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Attackers continue to phish for trouble and dish out spam

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Reports issued by international IT security service and technology vendors confirm a marked increase in specific security risks such as phishing and spam, writes Christo van Staden, director at Carrick Holdings. While the proliferation of digital lifestyle technology and new applications has contributed substantially towards the situation, human behaviour also has a key role to play.

Ultimately, up to 50% of spam and phishing attacks are initiated by people. In other words, at least half of these types of digital threats are reliant upon people to take place.
The level of activity and sophistication in attacks has prompted those operating within the IT security space to conduct investigations into international e-mail trends and related user behaviour.
As an example, international IT security technology and services provider, Symantec, recently engaged the global e-mail market via the Symantec Probe Network. The results were published in the March 2007 report.
At the time it was applied the Probe Network consisted of over two million decoy e-mail accounts that attracted e-mail messages from twenty different countries around the world.
The main objective of the network was to attract various e-mail threats from a base of around 600 entities around the world. This was considered representative of traffic to approximately 250 million mailboxes.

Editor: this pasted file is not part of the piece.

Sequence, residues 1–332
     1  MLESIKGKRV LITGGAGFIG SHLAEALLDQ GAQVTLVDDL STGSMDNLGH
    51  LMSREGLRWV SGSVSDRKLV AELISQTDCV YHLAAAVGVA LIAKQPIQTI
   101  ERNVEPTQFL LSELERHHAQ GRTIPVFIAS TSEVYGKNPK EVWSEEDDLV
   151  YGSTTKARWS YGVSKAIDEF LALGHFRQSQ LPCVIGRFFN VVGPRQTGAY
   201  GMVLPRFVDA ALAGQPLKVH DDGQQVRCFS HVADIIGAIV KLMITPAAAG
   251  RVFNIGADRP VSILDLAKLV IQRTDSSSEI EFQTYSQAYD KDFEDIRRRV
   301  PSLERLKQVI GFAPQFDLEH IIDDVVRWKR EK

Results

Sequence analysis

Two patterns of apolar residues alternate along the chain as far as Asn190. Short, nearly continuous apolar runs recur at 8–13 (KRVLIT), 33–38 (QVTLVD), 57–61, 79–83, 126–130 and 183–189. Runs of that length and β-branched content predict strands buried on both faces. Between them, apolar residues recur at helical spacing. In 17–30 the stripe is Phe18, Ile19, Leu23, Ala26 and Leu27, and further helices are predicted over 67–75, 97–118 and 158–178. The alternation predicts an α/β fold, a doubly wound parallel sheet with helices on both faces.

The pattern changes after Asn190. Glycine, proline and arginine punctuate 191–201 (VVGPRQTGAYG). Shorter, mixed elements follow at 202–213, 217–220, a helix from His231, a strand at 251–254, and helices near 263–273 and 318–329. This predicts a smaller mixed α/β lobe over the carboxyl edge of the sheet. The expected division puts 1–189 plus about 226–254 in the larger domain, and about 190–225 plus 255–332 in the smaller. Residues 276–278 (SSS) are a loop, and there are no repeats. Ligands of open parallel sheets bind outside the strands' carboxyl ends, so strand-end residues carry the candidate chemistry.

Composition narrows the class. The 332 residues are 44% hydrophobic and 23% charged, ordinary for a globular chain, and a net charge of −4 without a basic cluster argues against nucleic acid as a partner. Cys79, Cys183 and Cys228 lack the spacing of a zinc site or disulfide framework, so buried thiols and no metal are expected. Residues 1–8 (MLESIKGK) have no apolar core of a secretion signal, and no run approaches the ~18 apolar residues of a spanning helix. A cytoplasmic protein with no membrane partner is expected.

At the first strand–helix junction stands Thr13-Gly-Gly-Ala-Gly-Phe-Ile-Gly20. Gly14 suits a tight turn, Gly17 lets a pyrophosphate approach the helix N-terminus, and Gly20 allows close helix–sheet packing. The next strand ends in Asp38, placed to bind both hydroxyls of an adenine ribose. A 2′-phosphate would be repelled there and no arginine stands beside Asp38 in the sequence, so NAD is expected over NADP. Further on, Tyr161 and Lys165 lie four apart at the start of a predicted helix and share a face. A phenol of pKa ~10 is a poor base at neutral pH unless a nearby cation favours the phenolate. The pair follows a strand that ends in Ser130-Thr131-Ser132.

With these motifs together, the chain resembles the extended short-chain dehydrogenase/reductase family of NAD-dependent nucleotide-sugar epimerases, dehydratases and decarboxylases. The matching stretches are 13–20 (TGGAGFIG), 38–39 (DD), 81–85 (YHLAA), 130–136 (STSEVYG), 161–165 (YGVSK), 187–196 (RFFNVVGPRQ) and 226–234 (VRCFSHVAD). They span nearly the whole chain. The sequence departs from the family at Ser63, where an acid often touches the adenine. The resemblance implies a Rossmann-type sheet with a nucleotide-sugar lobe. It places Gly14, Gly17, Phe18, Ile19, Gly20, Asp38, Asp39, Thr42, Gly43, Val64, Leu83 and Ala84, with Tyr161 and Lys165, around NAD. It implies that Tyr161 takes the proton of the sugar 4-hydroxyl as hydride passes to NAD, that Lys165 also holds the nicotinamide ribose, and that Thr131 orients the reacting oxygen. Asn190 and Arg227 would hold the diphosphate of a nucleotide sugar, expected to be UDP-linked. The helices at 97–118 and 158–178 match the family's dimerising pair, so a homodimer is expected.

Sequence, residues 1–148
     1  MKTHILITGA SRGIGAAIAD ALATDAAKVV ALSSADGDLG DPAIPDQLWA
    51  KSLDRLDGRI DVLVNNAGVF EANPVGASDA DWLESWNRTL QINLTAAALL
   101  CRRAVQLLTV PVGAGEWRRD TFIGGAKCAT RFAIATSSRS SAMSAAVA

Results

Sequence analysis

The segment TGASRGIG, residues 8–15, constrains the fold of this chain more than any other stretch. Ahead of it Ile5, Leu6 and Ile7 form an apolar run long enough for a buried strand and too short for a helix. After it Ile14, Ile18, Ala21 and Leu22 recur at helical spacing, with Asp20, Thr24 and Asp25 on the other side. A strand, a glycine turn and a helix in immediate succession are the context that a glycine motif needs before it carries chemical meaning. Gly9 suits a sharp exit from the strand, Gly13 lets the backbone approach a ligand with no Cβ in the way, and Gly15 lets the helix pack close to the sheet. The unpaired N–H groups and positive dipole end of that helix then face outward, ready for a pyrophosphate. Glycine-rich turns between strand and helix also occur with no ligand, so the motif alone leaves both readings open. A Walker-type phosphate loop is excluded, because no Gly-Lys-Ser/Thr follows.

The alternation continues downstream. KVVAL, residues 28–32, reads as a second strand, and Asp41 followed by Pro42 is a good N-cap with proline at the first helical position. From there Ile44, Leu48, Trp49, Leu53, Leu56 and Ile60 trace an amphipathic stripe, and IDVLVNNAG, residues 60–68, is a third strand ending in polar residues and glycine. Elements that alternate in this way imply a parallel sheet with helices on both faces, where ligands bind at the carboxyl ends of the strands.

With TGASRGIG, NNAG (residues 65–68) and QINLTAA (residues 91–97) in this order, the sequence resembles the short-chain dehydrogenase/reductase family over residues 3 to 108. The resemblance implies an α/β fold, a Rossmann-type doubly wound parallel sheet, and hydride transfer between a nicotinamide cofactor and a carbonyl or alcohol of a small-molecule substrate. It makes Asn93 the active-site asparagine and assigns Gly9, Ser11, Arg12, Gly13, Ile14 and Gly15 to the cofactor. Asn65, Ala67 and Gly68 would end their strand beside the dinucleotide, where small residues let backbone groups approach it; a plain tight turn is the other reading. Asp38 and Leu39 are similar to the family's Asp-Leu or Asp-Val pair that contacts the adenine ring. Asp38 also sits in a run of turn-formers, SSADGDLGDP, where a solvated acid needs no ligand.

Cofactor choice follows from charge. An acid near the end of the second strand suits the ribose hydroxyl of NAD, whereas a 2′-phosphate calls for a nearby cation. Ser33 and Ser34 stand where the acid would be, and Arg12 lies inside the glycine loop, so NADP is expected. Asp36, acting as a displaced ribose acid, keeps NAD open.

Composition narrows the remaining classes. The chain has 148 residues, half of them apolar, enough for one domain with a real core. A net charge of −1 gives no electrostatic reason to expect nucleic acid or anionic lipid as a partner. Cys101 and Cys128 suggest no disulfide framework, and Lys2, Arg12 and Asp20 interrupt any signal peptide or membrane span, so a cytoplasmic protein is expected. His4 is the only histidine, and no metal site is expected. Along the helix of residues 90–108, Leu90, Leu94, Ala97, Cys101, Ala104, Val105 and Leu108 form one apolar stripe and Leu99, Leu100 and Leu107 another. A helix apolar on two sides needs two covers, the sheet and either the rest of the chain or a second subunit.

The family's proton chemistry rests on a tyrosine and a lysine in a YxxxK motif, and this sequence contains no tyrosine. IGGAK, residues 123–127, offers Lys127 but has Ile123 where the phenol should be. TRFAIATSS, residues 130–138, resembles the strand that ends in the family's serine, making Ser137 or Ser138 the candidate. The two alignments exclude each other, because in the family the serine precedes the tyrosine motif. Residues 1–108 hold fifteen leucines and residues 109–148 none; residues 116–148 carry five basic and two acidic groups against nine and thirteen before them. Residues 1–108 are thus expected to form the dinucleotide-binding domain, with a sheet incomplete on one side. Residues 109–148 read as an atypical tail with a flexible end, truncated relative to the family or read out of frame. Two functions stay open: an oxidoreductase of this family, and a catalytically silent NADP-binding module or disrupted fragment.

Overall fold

The vendor was also clear in its intention to differentiate between a phishing attempt and phishing message.
Among the results was the detection of 166 248 unique phishing messages, representing a six percent increase over the first half of 2006; the blocking of over 1,5-billion phishing messages and 27% fewer unique phishing messages on weekends than on weekdays, which accounted for an average of 961.
As far as spam is concerned, it is encouraging to note that specialists in the security arena believe users are more aware of the need to check unsolicited e-mail.
Experts point to a greater level of understanding amongst users to refrain from opening e-mail attachments. Security solution and service providers have also documented a decrease in PDF-spam. Analysts believe that part of the reason for this drop is because of the perceived lack of efficiency in this specific form of spam attack.
Further insight into market trends, revealed by the Probe Network, showed that spam made up 59% of all monitored e-mail traffic. It was interesting to note that 0,68% of all spam e-mail contained malicious code.
While the statistics and report made for interesting reading, it is a poignant reminder of the need to adopt a proactive approach to security and to keep abreast of the latest in IT security and technology trends.